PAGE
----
# Fermat's Last Theorem - A query

Problem Statement: In Fermat's Last Theorem $$x^n + y^n = z^n$$ $x,y,z$ are considered integers. But upon closer inspection it is seen that it is also true for any rational numbers $x,y,z$. And that FLT is not applicable only when $x,y,z$ are irrational.

Query : Why is it that then it is always and only mentioned that Fermat's theorem is true when $x,y,z$ are integers and not rational numbers ? Is my perception correct? Can this be proven or disproved ?

As MTurgeon points, the two problems are equivalent.

More exactly, for some $n$, the equation $x^n+y^n=z^n$ has non trivial integer solutions if and only if $x^n+y^n=z^n$ has non trivial rational solutions.

Anyhow, many of the techniques used to attempt a proof, both in general and in the particular cases, work for the integer version. For example, the case $n=3$ relays on the fact that $\mathbb{Z}(\omega)$ is an UFD, the case $n=4$ is based on the fact that one gets a contradiction by building a smaller positive solution.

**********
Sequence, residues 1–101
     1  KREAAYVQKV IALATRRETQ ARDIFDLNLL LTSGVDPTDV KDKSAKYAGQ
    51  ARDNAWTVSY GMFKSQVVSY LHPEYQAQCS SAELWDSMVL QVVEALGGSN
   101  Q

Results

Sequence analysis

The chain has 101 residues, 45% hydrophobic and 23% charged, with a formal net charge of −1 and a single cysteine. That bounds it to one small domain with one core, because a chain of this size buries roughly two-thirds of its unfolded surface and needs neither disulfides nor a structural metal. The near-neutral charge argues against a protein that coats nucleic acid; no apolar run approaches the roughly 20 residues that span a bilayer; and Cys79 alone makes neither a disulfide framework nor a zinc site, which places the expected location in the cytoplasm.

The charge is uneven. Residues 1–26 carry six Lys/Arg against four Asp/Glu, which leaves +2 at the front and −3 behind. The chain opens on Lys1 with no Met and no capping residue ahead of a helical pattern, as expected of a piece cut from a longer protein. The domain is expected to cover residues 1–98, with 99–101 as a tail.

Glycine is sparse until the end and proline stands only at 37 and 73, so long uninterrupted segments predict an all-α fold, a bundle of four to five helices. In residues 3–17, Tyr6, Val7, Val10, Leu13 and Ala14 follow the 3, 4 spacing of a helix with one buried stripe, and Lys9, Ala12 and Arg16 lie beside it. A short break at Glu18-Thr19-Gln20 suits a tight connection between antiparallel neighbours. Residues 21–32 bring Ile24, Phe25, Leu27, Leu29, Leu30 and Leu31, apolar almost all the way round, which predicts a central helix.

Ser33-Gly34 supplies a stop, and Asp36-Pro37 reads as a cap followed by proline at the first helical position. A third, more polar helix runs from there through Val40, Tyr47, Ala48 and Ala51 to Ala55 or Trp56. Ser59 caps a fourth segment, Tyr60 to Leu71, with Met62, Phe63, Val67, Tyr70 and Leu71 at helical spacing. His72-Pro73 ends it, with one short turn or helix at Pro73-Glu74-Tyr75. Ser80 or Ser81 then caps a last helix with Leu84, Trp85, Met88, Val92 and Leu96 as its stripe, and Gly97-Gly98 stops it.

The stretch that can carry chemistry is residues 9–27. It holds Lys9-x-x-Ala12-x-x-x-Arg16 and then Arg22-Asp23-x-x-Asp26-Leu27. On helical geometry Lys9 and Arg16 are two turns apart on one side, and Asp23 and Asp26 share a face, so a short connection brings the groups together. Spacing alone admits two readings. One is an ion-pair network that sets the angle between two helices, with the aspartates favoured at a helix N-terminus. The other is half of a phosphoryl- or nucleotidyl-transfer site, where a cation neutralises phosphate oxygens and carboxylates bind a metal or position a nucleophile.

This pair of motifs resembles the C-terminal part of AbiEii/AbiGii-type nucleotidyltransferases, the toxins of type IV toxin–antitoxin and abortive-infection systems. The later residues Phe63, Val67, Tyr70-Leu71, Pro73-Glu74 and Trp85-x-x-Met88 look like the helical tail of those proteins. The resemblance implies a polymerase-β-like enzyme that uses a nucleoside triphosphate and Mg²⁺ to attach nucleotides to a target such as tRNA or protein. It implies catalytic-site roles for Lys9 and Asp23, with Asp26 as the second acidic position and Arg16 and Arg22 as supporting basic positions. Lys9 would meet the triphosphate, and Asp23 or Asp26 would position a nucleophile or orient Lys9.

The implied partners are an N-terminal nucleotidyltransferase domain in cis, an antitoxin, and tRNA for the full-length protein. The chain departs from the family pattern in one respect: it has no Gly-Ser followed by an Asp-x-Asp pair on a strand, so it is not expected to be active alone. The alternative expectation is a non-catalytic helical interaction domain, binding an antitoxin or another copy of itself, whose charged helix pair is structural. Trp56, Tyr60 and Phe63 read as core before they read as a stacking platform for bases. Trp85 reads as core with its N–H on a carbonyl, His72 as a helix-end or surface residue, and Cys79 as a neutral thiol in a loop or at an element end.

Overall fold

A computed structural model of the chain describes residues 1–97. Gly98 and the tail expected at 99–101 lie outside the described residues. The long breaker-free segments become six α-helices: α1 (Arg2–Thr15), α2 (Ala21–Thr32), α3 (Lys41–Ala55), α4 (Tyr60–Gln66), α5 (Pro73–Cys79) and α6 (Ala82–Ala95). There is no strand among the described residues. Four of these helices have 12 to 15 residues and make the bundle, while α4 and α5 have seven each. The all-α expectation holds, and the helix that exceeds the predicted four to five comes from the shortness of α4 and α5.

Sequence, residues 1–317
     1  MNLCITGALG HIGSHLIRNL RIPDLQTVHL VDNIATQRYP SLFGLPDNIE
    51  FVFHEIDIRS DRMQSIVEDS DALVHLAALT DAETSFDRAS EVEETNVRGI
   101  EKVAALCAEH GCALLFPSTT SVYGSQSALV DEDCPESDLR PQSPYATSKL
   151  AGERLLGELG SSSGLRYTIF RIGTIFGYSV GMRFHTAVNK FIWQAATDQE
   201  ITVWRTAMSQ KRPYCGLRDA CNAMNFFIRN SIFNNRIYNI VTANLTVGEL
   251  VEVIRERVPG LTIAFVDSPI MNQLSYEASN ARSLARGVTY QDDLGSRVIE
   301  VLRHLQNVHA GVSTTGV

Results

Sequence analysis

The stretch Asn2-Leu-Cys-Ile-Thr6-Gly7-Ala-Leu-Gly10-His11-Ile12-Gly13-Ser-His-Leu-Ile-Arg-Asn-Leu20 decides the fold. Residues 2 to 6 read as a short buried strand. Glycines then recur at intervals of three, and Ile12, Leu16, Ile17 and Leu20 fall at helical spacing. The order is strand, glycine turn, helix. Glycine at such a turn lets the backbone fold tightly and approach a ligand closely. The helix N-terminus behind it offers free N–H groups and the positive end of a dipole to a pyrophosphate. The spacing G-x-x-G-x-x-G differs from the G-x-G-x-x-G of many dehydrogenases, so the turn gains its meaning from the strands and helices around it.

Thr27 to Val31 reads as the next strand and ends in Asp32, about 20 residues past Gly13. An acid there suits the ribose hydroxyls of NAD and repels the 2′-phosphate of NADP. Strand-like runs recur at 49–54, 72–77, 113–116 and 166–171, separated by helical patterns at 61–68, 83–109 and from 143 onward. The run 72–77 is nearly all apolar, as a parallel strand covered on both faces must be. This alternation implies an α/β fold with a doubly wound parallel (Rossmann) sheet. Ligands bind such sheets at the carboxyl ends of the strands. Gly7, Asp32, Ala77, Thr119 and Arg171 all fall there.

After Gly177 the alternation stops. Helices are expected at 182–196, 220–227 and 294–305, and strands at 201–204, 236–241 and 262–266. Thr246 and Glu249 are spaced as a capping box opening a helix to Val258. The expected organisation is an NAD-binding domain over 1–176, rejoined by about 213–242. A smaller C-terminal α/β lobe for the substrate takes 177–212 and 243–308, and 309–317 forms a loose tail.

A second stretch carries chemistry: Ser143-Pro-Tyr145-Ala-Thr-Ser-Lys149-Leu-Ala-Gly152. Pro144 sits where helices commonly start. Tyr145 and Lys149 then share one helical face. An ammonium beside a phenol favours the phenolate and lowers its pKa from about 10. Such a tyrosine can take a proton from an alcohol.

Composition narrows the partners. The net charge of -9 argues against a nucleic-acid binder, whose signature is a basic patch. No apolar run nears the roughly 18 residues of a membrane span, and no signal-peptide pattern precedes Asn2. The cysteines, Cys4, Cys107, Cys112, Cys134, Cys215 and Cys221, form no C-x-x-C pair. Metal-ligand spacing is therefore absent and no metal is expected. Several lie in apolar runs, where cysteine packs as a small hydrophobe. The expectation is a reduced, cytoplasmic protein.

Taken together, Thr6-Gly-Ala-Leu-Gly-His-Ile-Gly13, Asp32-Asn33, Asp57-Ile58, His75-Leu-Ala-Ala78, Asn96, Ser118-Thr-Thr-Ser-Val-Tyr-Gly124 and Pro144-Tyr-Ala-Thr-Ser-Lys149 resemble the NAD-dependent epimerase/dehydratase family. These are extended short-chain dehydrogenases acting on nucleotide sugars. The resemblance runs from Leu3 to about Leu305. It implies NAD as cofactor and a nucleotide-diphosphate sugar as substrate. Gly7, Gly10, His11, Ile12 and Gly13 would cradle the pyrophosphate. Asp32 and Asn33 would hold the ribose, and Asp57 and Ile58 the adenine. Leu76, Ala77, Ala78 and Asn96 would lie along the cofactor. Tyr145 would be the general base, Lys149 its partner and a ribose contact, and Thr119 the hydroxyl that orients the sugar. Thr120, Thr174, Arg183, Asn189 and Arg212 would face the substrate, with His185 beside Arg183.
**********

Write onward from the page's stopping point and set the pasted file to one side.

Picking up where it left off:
Since the two problems are equivalent, and in the study the integer version is easier to approach, it is typically posted as an equation over the integers.

The two problems are equivalent: since the polynomial equation is homogeneous (i.e. all summands have the same degree), you can clear denominators.

Fermat's last theorem is that there are no solutions to $x^n+y^n=z^n$ for $x, y,z$ positive integers and $n\ge 3$.

Let's set $\displaystyle a:=\frac xz,\ b:=\frac yz\$ then an equivalent formulation is that $a^n+b^n=1$ admits no non trivial rational solutions (i.e. other than $(1,0),\;(0,1),\;(-1,0),\;(0,-1)$).